So, here I stand with the full line of Baratza coffee grinders in front of me. This is a quality coffee problem to have, except I only know how to use the Encore grinder! It is a sturdy little workhorse that pairs well with my Technivorm coffee maker. Instead of regurgitating RPMs and clump tests -- which really isn't my style -- let's start with what's in it for you -- which really is my style. How will you get your groove on with a Baratza coffee grinder?
Entry level/Drip Coffee = Encore. This is my not-so-secret weapon for successful office coffee. The Encore has an on/off knob, a pulse button and an adjustment ring on the collar. This is great for coffee preps like drip, pour-over, AeroPress, French press, Siphon and Chemex. It can also be adjusted finer for espresso grind if you are using a pressurized portafilter.
Mid-level/Multiple Brew Preps = Virtuoso. The Virtuoso is very consistent. It has an on/off knob, a timer, a pulse button and an adjustment ring on the collar. The particle size uniformity makes it well suited for coffee preps like espresso in addition to drip and manual brewing methods. This versatility is great for anyone who enjoys multiple brew preps.
Mad (coffee) Scientist/Espresso = Preciso. More fine-tuning options and a little bit faster output make the Preciso a conical burr home grinder with commercial functionality. There are 40 step adjustments multiplied by 11 micro-adjustments within each setting. I can't even do the math or my brain will explode! Suffice it to say, if you enjoy playing around with different coffee and espresso blends, then this grinder is optimized for your caffeinated brewing adventures.
Pro Version/Multiple Brew Preps = Vario. So where does this grinder fit? The 54mm ceramic flat burrs provide accurate, fast-grinding performance. This is a professional-grade machine with optimal consistency within a very small footprint. It has 230 distinct grind settings from fine grind for espresso to coarse grind for French press. With a digital timer and three programmable buttons, the Vario has accurate one-touch dosing. Small cafes and roasters report a solid track record with the Vario and the Vario-W model, which adds weight-based functionality.
Cafe Version/All Purpose = Forte AP. While the Vario does a great job, the brand new Forte models are bigger, beefier and have digital touch screens. The AP features 54mm ceramic flat burrs which stay accurate longer than metal burrs and grind finer. The weight and time based functionality provides repeatable grinding results. Designed for long lasting cafe use and abuse, the AP shines for espresso and can grind for coarser settings also.
Cafe Version/Pour Over Preps = Forte BG. This model features 54mm flat steel burrs. Why offer a choice of burr sets when ceramic lasts longer and grinds finer? Metal burrs reduce 'fines' in the mid to coarse range of grinds. Pour over preps require particle consistency, which is harder to achieve in the coarser grind settings. The Forte BG is a specific solution to a problem that high end/Third Wave coffee bars have had -- they demanded the highest quality burr grinder available for everything but espresso. The BG can still technically 'do espresso' but it has been designed to tackle mid-range particle quality and quantity.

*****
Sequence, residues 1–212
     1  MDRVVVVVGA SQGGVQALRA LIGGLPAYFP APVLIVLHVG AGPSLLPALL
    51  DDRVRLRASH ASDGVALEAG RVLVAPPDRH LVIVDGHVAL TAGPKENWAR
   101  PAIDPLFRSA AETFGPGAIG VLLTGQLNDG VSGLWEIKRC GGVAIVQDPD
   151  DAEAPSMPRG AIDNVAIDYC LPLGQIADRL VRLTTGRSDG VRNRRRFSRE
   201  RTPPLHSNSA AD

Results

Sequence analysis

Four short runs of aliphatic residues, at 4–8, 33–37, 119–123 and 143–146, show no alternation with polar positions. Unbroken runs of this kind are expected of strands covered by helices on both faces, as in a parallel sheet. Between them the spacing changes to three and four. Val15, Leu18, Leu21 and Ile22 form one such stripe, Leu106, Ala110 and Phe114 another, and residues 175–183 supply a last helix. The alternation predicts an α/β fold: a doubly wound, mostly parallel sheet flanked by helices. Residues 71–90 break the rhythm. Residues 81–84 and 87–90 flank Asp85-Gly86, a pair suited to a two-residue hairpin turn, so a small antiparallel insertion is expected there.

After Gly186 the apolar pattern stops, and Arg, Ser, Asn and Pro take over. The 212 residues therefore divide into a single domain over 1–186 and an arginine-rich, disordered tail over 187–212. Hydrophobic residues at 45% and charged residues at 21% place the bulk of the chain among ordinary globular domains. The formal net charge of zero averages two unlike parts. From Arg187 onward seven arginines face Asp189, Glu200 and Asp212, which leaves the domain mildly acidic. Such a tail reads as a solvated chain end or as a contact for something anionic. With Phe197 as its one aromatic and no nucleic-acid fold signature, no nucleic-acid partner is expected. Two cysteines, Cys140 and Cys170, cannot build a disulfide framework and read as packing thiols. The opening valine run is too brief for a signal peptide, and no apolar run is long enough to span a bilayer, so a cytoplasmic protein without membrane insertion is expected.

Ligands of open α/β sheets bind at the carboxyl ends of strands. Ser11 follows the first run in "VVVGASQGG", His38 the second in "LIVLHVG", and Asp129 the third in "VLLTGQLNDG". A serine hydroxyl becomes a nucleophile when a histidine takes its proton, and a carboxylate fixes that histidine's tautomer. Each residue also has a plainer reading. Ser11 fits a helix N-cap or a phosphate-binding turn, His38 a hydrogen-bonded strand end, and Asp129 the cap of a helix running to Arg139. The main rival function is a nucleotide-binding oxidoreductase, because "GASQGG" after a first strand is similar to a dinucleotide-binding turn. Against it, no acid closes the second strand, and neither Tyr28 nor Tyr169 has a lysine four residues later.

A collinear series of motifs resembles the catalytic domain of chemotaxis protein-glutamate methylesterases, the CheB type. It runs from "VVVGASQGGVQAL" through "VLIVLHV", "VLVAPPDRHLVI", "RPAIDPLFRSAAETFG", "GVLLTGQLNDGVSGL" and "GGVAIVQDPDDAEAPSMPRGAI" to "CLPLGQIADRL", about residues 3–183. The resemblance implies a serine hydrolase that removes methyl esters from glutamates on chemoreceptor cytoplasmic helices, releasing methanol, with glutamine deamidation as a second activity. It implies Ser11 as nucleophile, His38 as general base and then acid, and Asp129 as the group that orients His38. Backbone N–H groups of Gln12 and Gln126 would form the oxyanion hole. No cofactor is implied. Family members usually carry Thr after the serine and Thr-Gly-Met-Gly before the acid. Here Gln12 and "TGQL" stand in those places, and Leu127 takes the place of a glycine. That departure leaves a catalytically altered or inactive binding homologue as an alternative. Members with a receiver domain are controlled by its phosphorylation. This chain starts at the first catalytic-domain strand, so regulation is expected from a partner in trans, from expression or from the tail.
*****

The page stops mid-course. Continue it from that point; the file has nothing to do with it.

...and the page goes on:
Once you have selected a grinder for your intended usage, then you can dial it in. This had -- up to now -- been my downfall, then I realized I was rushing it. It takes time, patience and a pound of beans ... and that's asking a lot from an impatient person like myself. I tried the Forte AP since it is new and fancy (and I love new and fancy) and I paired it with the Pasquini Livia G4 Automatic espresso machine because that is also new and fancy. The process involves picking an initial setting and noting the results with each incremental change. Instead of visually inspecting the grind, this is a combination of timing the espresso shots and tasting the results. Word to the wise: Just sip -- otherwise you are in for a sleepless night! I filled a frothing pitcher with discarded espresso shots before I felt comfortable with the right setting for particle size and dosage.
One final note before I leave you up to your elbows in coffee grounds ... Sadly for me, this process needs to be repeated if you change your beans or the machine you are using. Grinders are not universally calibrated so there is no cheat-sheet to tell you what number or setting will be optimal. This is a situation where trial and error, er I mean to say, highly scientific methodology is the only way to help any grinder find its groove.
Can't sacrifice quality for quantity or vice versa? The Rancilio KRYO 65 feels your pain and was designed specifically to alleviate it.
Featuring 64mm stainless steel burrs, an aluminum fin collar to dissipate heat more evenly and a simple worm-drive adjustment mechanism, the KRYO 65 is built for high capacity coffee shops that need to produce consistent, excellent espresso. It also features a doser chamber for you to grind and dose quickly during a particularly mad rush, which also has the virtue of keeping things (relatively) clean.
If your cafe's pace means you need to craft a quality espresso-based drink each minute, the KRYO 65's speedy delivery (14 grams in about 4 seconds) will get you where you need to go. Watch as Brandon shows us its tech specs and features, including an internal tour of the burrs and grind shaft, plus a demonstration of of its grind quality.
Crew Review: Rancilio KRYO 65 Commercial Burr Espresso Grinder